Amie and I finally cleaned the seedling containers, then fired up the heat mat and the lamps in the basement and sowed seeds. We’re a little late. Last year I put in the first seeds on Feb 24. We sowed:

  • lettuce
  • mache
  • chard
  • kale
  • spinach
  • onions
  • leeks

I need to order some seeds: celery, parsley, broccoli, brussels sprouts, and collards.  For starters.


This has been/still is a hard winter. It’s been one snow storm after another, with long stretches of below freezing temperatures.  Three weeks ago I caught a bug which developed into pneumonia – hence the silence here – and now that I’ finally up and about, Amie caught something as well. That’s how it goes. The winter was hard on the bees as well: all three colonies are dead of starvation in boxes still half full of capped honey.  They just didn’t have the chance to break cluster and move toward the honey.

But things are stirring. Before yesterday’s snow flurries we actually saw dirt. Then it got covered up again, but all that should be washed away by tonight’s rain and tomorrow we may see some outdoor activities. I plan to wash all the seedling trays and pots so I can start the basement garden. If I’m up for it, I’ll also clean out the chicken coop: there’s some good compost in there after months of deep litter.

A couple of days ago I (hot-water-bath) canned the sauerkraut that had been fermenting in big jars on my counter for seven weeks. I usually don’t can kraut as it pasteurizes it (duh!) and kills off all the good bugs. Still, I had too much of it to keep in the fridge, and as I’m the only one who eats it round here, I decided to reserve one jar for the fridge and can the rest.  I hope the canning doesn’t make it too soggy. I like it crunchy.



My house is on fire. It took me a while to realize it and I’m still not doing much about it, but there are good reasons for that.

  1. For one, my house is really too big for me. All the water pipes, the heating systems, the gas and electricity lines… they’re all over the place, pretty extensive, and their sources are far away. My walk-in fridge, for instance, is supplied by a massive network of trucks and middlemen over two-thousand miles in diameter. Also, when I built my house, during the fat and innocent years, I didn’t think them through, so they’re cheap, wasteful, vulnerable. One center or line goes down and I get burned. All that is true but that’s how it is.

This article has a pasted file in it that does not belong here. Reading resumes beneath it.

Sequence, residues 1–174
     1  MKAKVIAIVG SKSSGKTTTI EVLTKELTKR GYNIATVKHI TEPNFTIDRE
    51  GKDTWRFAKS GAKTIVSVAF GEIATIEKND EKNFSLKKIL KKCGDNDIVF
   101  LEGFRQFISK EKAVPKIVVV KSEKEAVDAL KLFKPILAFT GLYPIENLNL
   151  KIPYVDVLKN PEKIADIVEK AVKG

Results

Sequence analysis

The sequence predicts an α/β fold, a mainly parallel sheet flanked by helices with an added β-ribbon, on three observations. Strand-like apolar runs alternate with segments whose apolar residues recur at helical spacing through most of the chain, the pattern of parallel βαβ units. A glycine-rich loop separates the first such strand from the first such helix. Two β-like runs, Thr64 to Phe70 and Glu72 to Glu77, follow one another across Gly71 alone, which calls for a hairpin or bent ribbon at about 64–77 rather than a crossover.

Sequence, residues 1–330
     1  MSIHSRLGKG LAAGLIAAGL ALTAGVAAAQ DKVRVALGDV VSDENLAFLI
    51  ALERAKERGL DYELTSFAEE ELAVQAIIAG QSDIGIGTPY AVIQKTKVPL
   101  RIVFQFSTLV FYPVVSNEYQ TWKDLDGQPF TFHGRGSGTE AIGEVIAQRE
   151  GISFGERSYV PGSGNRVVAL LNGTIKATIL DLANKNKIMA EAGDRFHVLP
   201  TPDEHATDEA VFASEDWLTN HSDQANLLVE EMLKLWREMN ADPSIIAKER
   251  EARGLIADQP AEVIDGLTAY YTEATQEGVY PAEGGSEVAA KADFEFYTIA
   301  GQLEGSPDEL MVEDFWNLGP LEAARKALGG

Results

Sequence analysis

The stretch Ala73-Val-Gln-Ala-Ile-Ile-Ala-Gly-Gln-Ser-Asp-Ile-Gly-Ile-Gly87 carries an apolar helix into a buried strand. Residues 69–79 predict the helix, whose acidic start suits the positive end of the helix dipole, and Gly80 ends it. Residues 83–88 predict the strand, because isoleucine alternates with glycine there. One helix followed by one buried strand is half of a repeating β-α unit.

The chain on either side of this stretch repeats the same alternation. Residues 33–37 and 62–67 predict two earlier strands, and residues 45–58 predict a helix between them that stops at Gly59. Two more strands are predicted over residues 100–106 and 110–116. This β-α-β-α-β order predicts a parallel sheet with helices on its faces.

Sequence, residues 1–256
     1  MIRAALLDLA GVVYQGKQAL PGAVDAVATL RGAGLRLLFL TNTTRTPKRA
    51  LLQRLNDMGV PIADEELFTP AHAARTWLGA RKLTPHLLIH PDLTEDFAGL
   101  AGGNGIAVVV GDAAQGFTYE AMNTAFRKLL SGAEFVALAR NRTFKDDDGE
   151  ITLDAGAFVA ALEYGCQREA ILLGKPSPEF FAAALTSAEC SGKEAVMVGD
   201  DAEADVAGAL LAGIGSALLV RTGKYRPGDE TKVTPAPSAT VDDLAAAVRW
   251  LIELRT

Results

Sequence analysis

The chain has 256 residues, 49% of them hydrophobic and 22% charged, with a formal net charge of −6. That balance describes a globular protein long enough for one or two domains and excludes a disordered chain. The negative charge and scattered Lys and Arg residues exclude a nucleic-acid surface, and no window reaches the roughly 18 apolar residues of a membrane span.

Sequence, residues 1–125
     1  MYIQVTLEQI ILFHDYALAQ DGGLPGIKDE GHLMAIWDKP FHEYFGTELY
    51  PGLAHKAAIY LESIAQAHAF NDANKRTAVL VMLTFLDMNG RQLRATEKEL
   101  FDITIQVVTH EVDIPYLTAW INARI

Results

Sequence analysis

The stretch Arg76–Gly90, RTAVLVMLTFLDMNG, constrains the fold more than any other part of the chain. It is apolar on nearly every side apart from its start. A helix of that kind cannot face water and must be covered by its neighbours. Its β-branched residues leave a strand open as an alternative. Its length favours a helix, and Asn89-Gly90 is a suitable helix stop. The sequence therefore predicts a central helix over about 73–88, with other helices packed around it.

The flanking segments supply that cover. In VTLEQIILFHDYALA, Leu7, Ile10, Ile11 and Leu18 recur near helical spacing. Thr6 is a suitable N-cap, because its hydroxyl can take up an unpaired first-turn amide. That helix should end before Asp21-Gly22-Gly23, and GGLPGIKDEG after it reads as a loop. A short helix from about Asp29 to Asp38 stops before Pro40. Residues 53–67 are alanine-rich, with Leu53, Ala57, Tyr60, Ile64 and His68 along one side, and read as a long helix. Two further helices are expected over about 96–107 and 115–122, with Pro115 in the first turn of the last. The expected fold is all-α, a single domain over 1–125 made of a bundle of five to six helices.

2. And, though I feel the consequence, the cause – the fire – is too far away, out of my reach. I can’t do much about it. Others are working on it. My getting all worked up over it doesn’t help.
  3. But I do act! See, this fire burns in little pockets everywhere. I spend some of my time and energy putting out some of these little fires – the ones that touch me the most. Where I can’t reach I pay money to help someone else do it. Whenever I put out a little fire, I rejoice, because in my little-fire-perspective I am absolutely victorious. Yes, my joy is momentary, because three fires sprang up while I was tending to one. But then I get to work on another one.
  4. The fire, as a whole, burns quite slowly. Thank goodness this allows me to relax a little. It’s not that urgent, we have time to fix this.
  5. About those occasional sudden flare-ups due to high winds. They’re scary, especially when those closer to me are affected. I recognize myself in them, only it was them who got burned, not me, so that’s where the comparison ends. When I do get affected, I help, of course, and am greatly relieved when it’s put out, which it usually is. I am really too exhausted after that to accept that I didn’t put out the general fire, that I can’t put down the wind. Why rain on the parade?
  6. You know, you can’t expect me to worry about this all the time. There are so many people in the house and they too are working on putting out the fires. Maybe they don’t know about the general situation yet, but soon they will get the big picture, and then they’ll really get to work. Then we’ll beat it! I’ll have to wait for them.
  7. It’s true that there are too many people living in my house. I don’t know how that happened, or how it came to be that decision-making goes to the one who bought the loudest, most expensive mic and I realize that that’s the one who has the most to gain by doing nothing. I can’t shout louder than them. As for everyone else, they’re all over the place with their priorities and strategies. Whom to follow?
  8. Let’s face it, the situation is awfully complex, as complex as the weather! You can’t with 99% certainty predict the weather. Or 90%. Not even 70%. Or even 65%, which is only 5% less than the impossible 70%, and in the context of this massively complex system, 5% is nothing. But then you can’t even have 60%, or 55% certainty.  Science just isn’t there yet. We need to wait till Science can give us models that give us at least 40% certainty. 50%, at least. Better make it 60%, because so much seems to be riding on it.
  9. But so science is now pretty certain (not absolutely certain) that I am the cause of the fire. My “lifestyle” is what feeds it. Believe me, it’s an unintentional consequence. It’s not my intention to set my house on fire. So I’m not really responsible for that consequence.